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[Xmca-l] Re: Collaboration
"Collaboration" is a big word in my universe, Michael, so
I'll offer some observations.
Collaboration as "together working" means specifically
working together to a common object (aim). That generally
entails working together to change an object-of-labour
There is a lot of discussion about the difference between
Collaboration and the etymologically identical Cooperation,
much of this is in the "educational debate." As I see it,
Collaboration essentially involves both cooperation and
conflict. Conflict is also one form or aspect of
collaboration, because the parties are working towards two
opposite concepts of the same object. "Object" here
therefore has a slippery meaning. It can mean the
/Arbeitsgegenstand/, the object worked upon, or the
Gegenstand, the object aimed for. Both ideas incorporate the
possibility of difference.
Collaboration essentially involves the coming together of
distinct parties (or subjects). True Collaboration involves
a merging of the subjectivities for the course of a single
project, but there are "limiting cases" of non-collaborative
collaboration. These include an exchange of labour governed
by a negotiation of a contract (such as customer-service
provider in which the subjects retain their mutual
independence throughout) and command-and-obey (in which one
subject is subordinated to another).
Cooperation does not imply conflict within the working
relationship usually because there is a division of labour;
Collaboration on the other hand involves each party taking a
critical attitude towards the contribution of the other
party. o conflict is an essential ingredient to Collaboration.
Collaboration is a learning process, to the extent that one
could argue that learning can *only* be a Collaborative
process. So Collaboration means that the object (aim) of the
labour changes, because the /concept /of the object changes.
Collaborators learn about the object (worked upon) in the
process of working on it, and the object (aim) by realising it.
In education there has been an unfortunate development in
which (1) students work independently because they are
physically or organisationally distant, (2) Collaboration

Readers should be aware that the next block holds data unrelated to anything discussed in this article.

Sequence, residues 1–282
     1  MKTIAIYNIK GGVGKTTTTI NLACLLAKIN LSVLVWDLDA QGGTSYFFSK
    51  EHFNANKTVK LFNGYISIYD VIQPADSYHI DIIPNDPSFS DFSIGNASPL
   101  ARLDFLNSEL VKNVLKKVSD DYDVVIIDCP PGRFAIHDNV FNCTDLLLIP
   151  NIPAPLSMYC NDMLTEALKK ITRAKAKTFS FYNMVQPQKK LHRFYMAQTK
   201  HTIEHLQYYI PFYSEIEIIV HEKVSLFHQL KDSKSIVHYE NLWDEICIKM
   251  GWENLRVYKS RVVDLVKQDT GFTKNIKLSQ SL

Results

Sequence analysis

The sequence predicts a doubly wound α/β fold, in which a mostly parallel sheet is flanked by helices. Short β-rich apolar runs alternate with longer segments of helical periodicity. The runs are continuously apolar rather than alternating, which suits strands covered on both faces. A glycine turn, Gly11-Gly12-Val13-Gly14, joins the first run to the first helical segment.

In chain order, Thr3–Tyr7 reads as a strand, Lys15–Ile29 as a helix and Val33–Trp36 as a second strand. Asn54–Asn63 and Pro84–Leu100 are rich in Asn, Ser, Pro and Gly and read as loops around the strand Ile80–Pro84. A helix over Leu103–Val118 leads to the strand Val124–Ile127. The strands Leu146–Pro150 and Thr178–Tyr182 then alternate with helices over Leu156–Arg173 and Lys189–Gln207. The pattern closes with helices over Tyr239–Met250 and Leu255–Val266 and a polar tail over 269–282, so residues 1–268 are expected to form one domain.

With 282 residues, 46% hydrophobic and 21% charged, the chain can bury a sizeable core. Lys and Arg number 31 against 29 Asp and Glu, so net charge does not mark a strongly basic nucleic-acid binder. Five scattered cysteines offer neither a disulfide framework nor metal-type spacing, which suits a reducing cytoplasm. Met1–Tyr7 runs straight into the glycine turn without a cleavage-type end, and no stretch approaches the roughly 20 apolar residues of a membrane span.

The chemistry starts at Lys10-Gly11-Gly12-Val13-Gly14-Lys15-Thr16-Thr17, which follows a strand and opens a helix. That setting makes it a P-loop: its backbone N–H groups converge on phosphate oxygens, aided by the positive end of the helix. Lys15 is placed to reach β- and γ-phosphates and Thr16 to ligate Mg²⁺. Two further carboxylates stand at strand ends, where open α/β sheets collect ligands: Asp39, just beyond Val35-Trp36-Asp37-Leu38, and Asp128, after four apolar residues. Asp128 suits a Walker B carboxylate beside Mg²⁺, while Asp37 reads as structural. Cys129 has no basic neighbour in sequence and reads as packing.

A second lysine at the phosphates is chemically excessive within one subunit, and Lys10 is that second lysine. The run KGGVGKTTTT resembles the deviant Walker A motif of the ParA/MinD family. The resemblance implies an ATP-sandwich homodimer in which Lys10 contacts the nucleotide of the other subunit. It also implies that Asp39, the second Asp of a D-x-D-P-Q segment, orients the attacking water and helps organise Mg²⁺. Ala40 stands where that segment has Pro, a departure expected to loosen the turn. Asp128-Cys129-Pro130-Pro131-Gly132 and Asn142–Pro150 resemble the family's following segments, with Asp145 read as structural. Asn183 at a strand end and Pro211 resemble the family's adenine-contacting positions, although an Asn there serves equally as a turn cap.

between the students is then facilitated by the use of
computer and communication equipment, (3) Students who are
already face-to-face are obliged to introduce a computer
between them so that their collaboration, instead of being
face-to-face, mediated only by the /Arbeitsgegenstand/, they
now find their Collaboration mediated by a computer. That
is, "Collaboration" has come to mean the undermining of
Collaboration by the use of Collaborative tools to avoid
And this is the danger. The education bureaucracy has heard
a bit about the benefits of Collaboration as a learning
process, and that Collaboration requires equipment. So they
get the idea that they have to separate students or
researchers from one another so that they can collaborate.
Once separated the bureaucacy can provide equipment to allow
students to Collaborate notwithstanding their having been
separated from one another. And the same goes for
students+teachers, research+industry, management+workers, etc.
Does that help, Michael?
On 18/04/2016 6:38 AM, Glassman, Michael wrote:
I have a question for anybody who might be willing to respond. How do you define collaboration? What spurs this question is that PISA is developing a framework for testing collaboration internationally. At first I thought I was getting punked, but it really is happening, the framework is at the link below. The idea of collaboration is being used more and more - especially in contexts that involve computer/web based research, but it often times seems to be a placeholder. The word only came into vogue late nineteenth century I think - col meaning together and labore meaning to labor. A lot of people who discuss collaboration invoke Vygotsky (e.g. the PISA framework) or sometimes Dewey (Although I am kind of sure Dewey never actually used the word collaboration, but I might be wrong). Anyway the PISA document defines collaboration but in a very simplistic way I think so that it is not wrong but not helpful. I know there was some research around language (being able to
create shared meanings). But so far to me it seems to miss the point, but I can't think what I would replace it with. I guess you could call this a request for comments. I find PISA creating a test for collaboration kind of dangerous.